Foutaises (Things I Like, Things I Hate) is one of Jean-Pierre Jeunet’s (director of Amélie) earliest efforts. It uses a technique that will be familiar to viewers of Amélie, narrating and illustrating the likes and dislikes of the main character. Unlike Amélie, where a voice over narrates a similar sequence, in Foutaises, the unnamed main character speaks to the camera/audience directly. Foutaises also makes the corresponding scene in Amélie look stripped down; this film uses a great deal of montage editing, absurd visual metaphors, and references to other films. The primary quality of the short is its comedic quirkiness, its ability to never take itself seriously. It makes use of the most basic comedic techniques in film, such as crosscutting between two events that are about to connect in some way, and close-up reaction shots of the main character’s face. These techniques, combined with its gritty, black and white texture, make it reminiscent of 1910s comedic shorts, with its sometimes slapstick, and always unflinching, humor. The humor is not in the action alone, but permeates the whole substance of the film. The things the man enjoys are for the most part very quirky and random (such as eating egg yolks whole and illustrated catastrophes in old dictionaries), but when he tries to be grand and mention “the innocence of children” as something he likes, a girl is shown playing next to some mildly obscene graffiti, ridiculing his pretentious and vague statement. He also mentions enjoying situations “so amazing that you wouldn’t even dare put it in a movie,” which of course Jeunet immediately does.
Foutaises has much of the same whimsical quirkiness that characterizes Amélie, but in a much more aggressive form. The close-ups of the main character are disconcertingly intrusive upon the audience’s attention. His face often fills up the whole screen and we see ever little expressive twitch of reaction. This is one of the ways Foutaises seems to make fun of film in general. Traditionally, we are used to seeing lyrical, soft-focus close-ups of beautiful faces in various delicate expressions. In Foutaises, we see unflinching close-ups of a face that looks ordinary and whose expressions of pleasure or distaste are unrestrained. Foutaises also continually incorporates and references other films. Besides the scene so fabulous “you wouldn’t even dare put it in a movie,” there are several clips used from various movies where the characters talk about things they like or dislike. We do not know if the main character is identifying with the films he sees or if this is just another example of things people like. The movie concludes with the man saying “when I go to the cinema to see an old film, I like the arrival of the words…” and “THE END” is shown on the screen. Foutaises is thus merged with the other films, so that not only are other films part of it, Foutaises itself becomes incorporated into the other films. With this amused and perhaps even cynical attitude towards both film and life, it is unclear whether or not Jeunet really believes that the small likes and dislikes, the personal quirks he presents, are important, but he certainly finds them more interesting than broad, vague statements. The lighthearted nature of the film and the focus on the minute personal details seems to beg the question, what is truly important? Is our personality vested in our belief in such generalities as “the innocence of children” or is it in the way we act and what we like? The general, blase convictions are meaningless, while the little things capture our attention. They may not be important, but they are interesting.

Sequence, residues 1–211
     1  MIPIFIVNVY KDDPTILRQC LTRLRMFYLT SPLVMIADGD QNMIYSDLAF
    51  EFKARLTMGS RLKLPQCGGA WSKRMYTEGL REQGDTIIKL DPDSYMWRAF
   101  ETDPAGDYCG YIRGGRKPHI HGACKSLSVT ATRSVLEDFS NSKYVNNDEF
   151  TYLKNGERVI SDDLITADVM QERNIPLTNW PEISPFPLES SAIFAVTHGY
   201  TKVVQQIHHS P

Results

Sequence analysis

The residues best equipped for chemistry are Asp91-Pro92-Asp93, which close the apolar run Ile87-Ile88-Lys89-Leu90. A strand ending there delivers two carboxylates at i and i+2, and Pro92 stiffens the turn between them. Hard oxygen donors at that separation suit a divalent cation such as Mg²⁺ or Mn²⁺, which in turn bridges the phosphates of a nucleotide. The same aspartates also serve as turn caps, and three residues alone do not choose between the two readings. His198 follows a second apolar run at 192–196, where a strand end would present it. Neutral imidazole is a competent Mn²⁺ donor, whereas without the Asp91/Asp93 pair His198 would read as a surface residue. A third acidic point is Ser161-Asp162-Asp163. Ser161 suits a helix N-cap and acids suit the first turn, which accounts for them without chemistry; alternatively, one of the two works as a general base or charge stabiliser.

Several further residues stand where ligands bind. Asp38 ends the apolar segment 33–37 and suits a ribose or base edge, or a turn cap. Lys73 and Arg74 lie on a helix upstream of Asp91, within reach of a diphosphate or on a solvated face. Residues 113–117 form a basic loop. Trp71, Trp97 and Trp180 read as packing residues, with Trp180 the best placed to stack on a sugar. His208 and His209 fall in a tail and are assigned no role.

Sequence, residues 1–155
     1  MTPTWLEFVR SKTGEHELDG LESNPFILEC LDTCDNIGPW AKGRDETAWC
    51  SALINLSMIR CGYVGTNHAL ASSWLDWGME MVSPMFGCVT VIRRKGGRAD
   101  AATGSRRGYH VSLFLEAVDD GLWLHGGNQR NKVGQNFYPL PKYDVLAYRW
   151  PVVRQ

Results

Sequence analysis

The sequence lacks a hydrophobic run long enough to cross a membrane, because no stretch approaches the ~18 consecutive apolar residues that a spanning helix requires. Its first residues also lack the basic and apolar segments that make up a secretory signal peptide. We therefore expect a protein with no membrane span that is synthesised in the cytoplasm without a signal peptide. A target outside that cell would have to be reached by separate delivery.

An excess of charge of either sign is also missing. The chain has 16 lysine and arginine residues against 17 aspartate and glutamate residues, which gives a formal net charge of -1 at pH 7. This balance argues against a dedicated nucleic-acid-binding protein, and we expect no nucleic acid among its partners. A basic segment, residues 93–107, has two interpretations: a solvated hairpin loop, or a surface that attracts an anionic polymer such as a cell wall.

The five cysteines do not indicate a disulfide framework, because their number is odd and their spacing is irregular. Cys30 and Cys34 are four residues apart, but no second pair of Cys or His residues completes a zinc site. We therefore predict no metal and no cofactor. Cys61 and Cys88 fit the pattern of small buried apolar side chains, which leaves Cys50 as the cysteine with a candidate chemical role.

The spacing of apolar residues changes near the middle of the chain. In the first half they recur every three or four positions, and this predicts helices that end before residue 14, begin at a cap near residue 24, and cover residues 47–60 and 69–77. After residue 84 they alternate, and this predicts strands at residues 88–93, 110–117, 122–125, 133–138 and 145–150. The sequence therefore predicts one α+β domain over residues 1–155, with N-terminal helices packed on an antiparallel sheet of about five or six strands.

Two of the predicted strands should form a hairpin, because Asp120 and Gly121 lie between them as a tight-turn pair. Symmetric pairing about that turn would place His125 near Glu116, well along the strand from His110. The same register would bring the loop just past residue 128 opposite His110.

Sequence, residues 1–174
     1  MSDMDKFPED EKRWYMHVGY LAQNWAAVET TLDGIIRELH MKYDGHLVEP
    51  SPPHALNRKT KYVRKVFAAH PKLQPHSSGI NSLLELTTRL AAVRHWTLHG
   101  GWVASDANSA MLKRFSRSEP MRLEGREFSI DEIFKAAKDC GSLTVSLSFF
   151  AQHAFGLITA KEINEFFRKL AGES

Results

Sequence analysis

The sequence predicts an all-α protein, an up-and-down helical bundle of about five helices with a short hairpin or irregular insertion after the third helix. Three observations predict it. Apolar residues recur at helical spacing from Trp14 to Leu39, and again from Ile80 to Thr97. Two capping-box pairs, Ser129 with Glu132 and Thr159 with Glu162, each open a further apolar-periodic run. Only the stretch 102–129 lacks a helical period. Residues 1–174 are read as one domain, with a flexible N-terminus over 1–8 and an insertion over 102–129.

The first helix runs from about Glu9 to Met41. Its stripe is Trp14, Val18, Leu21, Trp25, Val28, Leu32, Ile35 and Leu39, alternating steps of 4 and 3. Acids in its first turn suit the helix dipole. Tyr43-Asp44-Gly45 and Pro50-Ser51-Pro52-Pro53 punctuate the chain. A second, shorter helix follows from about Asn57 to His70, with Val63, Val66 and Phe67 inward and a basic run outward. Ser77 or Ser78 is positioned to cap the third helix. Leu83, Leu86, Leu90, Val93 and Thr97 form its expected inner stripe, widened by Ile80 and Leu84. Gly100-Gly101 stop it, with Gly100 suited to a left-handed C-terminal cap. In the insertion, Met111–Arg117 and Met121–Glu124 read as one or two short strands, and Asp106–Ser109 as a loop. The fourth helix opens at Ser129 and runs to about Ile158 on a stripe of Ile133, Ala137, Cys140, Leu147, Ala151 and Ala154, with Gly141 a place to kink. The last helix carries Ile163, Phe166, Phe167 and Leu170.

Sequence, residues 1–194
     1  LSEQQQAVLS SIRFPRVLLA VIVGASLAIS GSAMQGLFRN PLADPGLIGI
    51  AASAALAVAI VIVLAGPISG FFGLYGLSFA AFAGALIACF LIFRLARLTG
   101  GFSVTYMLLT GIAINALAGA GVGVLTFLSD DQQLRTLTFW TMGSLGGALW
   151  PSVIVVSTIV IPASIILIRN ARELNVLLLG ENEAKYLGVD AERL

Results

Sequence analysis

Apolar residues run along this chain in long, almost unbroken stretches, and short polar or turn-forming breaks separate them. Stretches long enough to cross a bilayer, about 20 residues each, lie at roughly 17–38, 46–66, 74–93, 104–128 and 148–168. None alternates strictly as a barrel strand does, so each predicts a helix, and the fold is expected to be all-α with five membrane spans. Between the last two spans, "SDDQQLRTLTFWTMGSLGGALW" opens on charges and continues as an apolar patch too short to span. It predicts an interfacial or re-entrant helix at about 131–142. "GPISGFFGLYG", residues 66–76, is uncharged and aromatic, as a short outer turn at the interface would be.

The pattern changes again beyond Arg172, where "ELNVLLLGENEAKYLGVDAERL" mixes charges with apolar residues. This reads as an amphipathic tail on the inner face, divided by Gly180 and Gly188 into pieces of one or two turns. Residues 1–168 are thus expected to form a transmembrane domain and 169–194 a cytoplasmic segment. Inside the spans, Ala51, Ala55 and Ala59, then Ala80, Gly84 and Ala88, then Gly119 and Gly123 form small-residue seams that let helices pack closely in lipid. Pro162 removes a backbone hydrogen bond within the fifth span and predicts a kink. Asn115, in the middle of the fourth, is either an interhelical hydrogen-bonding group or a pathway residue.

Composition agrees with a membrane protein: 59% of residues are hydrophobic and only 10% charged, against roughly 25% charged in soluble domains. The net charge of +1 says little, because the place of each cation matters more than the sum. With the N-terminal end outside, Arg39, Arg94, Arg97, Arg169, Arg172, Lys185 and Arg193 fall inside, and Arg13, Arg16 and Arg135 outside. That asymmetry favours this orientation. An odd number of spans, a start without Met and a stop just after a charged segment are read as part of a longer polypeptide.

— Anna Shane